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Our Turn: Ayotte isn’t working for women and families

  • Former N.H. House speaker Terie Norelli AP



For the Monitor
Sunday, April 17, 2016

We were proud to work on a bipartisan basis two years ago to pass the New Hampshire Paycheck Fairness Act. While no silver bullet, this legislation took important steps forward to end pay discrimination and provide Granite State workers with the tools they need to pursue just compensation for their work and support their families.

It’s not just a matter of fairness – it’s estimated that equal pay would cut poverty among women by 60 percent. And New Hampshire’s economy would benefit from $2.7 billion in increased earnings if all working women earned the same salary as comparable men. But it will take further action to make equal pay a reality.

Passing the federal Paycheck Fairness Act would be an appropriate step to build upon the progress we’ve already made to close the wage gap, and it’s extremely concerning that Sen. Kelly Ayotte has voted four times against this critical legislation. Last year, Ayotte even tried to paper over her record by introducing a watered-down version of the bill we worked so hard to make law here in New Hampshire.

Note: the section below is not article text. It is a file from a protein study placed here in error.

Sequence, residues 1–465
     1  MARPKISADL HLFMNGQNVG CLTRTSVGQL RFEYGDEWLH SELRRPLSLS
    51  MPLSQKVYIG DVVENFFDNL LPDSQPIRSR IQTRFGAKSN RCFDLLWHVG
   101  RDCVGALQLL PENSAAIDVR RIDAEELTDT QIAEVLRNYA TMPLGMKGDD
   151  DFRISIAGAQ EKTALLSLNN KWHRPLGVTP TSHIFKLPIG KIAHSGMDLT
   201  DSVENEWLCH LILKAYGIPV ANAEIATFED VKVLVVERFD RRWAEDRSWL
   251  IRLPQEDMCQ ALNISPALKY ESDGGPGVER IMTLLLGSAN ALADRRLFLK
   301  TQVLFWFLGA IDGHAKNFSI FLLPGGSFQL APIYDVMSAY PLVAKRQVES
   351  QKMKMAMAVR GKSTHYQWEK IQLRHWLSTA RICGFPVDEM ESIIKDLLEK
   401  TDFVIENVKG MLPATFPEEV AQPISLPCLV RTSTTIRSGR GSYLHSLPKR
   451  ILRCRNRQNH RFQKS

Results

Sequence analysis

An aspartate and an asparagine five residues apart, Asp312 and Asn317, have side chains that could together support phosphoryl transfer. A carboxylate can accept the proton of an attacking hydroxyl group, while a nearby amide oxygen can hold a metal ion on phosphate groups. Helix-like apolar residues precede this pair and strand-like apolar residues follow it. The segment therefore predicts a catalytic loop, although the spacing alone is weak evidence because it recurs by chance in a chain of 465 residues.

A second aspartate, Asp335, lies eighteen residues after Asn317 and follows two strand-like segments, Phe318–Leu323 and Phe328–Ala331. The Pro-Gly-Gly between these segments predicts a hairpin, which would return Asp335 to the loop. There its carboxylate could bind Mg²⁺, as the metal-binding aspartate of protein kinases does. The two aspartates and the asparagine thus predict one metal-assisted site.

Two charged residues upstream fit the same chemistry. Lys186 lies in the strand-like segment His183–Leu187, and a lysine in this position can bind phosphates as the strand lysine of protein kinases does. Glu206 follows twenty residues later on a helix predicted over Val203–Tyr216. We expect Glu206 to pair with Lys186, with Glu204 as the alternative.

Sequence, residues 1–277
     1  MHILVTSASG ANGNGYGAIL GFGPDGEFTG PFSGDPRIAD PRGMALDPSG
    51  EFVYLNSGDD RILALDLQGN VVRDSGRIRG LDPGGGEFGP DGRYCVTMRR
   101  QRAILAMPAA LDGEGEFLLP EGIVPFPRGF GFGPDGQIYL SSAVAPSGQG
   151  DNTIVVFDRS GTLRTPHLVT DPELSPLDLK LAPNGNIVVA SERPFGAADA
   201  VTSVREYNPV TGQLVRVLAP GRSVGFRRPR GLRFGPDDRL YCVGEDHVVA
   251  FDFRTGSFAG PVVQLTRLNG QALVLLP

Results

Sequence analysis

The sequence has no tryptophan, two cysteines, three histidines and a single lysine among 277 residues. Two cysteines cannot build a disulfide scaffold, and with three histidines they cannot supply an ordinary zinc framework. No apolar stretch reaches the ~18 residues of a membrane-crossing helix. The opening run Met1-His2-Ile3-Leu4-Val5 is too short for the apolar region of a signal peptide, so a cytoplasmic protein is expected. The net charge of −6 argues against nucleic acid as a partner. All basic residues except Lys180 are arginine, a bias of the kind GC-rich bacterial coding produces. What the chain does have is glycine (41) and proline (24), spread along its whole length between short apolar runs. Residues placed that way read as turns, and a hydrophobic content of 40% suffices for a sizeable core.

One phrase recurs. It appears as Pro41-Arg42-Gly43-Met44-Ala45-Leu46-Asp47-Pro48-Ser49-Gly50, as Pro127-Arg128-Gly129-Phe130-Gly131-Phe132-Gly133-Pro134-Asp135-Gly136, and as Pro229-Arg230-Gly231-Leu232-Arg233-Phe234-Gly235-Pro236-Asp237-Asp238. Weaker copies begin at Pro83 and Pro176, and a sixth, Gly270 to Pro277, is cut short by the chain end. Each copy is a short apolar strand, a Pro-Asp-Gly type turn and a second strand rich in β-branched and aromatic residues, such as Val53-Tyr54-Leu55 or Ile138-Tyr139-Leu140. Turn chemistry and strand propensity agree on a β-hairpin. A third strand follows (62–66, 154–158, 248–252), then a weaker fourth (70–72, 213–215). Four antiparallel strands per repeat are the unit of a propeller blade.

Do not be fooled: Kelly Ayotte’s record shows that she does not look out for working women and families in the Granite State. Not only has she repeatedly voted against commonsense pay equity measures, but she has also sided with the Koch brothers against giving a raise to minimum wage workers in New Hampshire – 7 in 10 of whom are women. She has voted to defund Planned Parenthood six times and voted repeatedly to allow health insurers to be able to charge women more than men.

Equal Pay Day is an important occasion to recall Kelly Ayotte’s real record: She puts her party leadership and special interest backers ahead of working women and families in New Hampshire.

(Terie Norelli is a former speaker of the New Hampshire House of Representatives. Sylvia Larsen is a former president of the New Hampshire Senate.)